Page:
Carbon steel is the most widely used material for piping systems and components in power plants, oil refineries and petrochemical plants, and many other types of industrial and manufacturing facilities. In fact carbon steel actually accounts for nearly 85% of all annual steel production worldwide. It’s used so widely because of its ready availability and relatively low cost. In certain applications however, corrosive chemicals and other environmental factors can lead to severe deterioration and degradation of carbon steel. The good news? Corrosion can be fought by keeping up with prudent monitoring, carbon steel pipe inspections, and repair practices.
While power plants, chemical processing facilities, and oil refineries attempt to run as efficiently as possible, left unchecked corrosion in carbon steel piping systems can have serious or even catastrophic consequences. If you remember the incident at the Richmond, CA Chevron oil refinery plant on August 6th, 2012, you know how important carbon steel pipe inspection and repair is.
According to a report investigating the cause of the August 6, 2012 incident at the Chevron refinery “a carbon steel pipe within the refinery’s crude oil processing unit failed due to thinning caused by a chemical process known as sulfidation corrosion. The corrosion occurred in a pipe component approximately five feet in length that contained lower levels of silicon than other portions of the pipe.” Prior internal inspections had identified the need to repair corroded components, but the problem was not fixed. Ultimately the pipe failed and a fuel leak led to a major fire in the facility.
There are safety measures that can be taken in order to identify and remedy corrosion problems before they turn into costly disasters. Here are some things to consider when designing your corrosion control program:
- An effective inspection, monitoring and record-keeping process is imperative. Monitoring methods can include both off-line inspections taken during maintenance, and on-line monitoring (using methods such as linear polarization resistance, electrochemical noise, or electrical resistance).
- Select the proper material based on application and plant operating conditions. If the process is subject to chemical corrosion, the proper materials must be specified.
- Replace carbon steel components with more corrosion-resistant materials. Whether the inspection has identified the necessity of new piping or you just want to prevent future corrosion problems, replacing carbon steel components with more corrosion-resistant material is a good idea.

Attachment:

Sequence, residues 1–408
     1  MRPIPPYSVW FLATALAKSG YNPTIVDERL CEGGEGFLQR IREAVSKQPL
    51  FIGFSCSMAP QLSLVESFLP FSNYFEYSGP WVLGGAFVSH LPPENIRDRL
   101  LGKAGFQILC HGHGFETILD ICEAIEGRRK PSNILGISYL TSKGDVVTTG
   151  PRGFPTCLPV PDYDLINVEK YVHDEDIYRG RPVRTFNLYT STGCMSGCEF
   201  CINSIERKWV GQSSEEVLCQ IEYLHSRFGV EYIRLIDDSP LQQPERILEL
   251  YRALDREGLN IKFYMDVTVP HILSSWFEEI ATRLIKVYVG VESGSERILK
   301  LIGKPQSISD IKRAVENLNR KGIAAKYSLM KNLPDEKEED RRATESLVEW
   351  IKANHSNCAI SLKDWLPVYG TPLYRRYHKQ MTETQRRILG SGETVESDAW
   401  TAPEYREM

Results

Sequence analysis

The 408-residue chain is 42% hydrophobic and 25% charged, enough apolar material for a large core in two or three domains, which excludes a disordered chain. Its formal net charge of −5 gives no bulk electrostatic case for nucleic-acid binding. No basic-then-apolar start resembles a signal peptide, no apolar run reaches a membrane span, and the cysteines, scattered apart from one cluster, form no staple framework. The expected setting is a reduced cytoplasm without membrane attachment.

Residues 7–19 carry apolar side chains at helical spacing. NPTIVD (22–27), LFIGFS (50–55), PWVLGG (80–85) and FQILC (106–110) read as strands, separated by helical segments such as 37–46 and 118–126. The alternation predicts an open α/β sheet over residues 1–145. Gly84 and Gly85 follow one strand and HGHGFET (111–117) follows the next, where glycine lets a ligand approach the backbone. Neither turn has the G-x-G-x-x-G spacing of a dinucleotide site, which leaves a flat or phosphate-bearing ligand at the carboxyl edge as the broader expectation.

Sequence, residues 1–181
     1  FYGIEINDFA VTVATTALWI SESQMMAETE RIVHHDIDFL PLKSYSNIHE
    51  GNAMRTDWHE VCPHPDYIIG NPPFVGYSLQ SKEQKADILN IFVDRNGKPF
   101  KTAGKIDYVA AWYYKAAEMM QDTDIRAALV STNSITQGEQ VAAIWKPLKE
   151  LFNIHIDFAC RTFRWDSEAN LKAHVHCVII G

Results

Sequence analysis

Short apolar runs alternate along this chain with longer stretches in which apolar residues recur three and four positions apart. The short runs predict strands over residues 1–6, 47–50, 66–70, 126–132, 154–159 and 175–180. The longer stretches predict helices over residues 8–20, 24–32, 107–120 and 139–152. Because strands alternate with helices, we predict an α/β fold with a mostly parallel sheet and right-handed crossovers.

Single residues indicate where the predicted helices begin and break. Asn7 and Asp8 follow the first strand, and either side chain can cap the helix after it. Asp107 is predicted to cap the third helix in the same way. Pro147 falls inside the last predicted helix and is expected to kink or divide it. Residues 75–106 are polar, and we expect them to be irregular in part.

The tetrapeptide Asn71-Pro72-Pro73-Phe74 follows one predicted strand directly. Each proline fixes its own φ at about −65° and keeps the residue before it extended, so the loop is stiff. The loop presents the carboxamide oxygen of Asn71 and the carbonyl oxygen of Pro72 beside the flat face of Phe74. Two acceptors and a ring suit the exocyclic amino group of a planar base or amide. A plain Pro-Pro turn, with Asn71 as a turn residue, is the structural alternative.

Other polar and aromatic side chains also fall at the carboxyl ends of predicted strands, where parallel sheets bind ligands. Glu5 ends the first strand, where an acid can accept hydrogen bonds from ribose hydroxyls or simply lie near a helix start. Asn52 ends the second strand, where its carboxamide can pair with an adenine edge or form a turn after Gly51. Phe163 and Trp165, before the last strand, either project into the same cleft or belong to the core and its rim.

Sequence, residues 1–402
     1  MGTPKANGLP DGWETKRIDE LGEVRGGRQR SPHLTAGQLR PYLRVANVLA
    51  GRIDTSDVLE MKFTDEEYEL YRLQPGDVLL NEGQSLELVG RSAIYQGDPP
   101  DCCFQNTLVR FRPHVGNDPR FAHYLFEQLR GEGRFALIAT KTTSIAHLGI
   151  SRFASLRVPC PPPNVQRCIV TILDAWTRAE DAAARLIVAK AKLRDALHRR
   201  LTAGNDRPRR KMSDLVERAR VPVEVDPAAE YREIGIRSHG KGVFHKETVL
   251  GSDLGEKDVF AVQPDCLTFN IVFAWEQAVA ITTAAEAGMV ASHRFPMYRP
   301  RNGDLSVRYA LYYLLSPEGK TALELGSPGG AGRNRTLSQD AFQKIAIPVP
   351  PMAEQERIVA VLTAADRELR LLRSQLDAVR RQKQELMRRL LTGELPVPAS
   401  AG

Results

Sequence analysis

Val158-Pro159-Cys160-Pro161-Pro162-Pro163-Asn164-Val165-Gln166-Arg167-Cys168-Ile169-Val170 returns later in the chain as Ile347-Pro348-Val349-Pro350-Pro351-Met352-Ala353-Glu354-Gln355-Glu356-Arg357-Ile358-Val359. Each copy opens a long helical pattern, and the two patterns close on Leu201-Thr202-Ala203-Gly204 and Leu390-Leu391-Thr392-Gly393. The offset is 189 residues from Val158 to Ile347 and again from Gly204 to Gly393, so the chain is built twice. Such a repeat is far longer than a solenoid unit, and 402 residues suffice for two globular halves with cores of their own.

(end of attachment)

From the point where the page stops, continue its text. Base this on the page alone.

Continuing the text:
Insulation can significantly speed up corrosion. Corrosion Under Insulation (CUI) has been an ongoing concern for many years, especially in the petrochemical industry. In fact, one study states that 40-60% of all pipe maintenance costs are caused by CUI and approximately 10% of all maintenance costs a facility faces is due to CUI. Properly installed insulation and application of corrosion protection can help slow corrosion, but regular inspection and material testing under insulation is important. Immediately make repairs to any metal piping or components that show signs of distress from CUI, and replace or repair insulation as necessary.
For companies, this degree of inspection and monitoring effort can seem like a hassle, but the risks of leaving corroded carbon steel pipe and components unrepaired to “run-to-failure” are too great to ignore. For companies that are looking for a cost-effective solution, consider a company that can accomplish inspections in those hard-to-reach, high-elevation areas with qualified professional rope access technicians. Rope access offers big time-saving and low-cost advantages that conventional means like scaffolding and large machinery cannot deliver.
Industrial Access, Inc. provides rope access techniques for applications such as carbon steel pipe inspection and repair to help keep costs and outage time down for companies. Contact us today to further discuss a corrosion control program that will fit in with your facility production and maintenance schedule.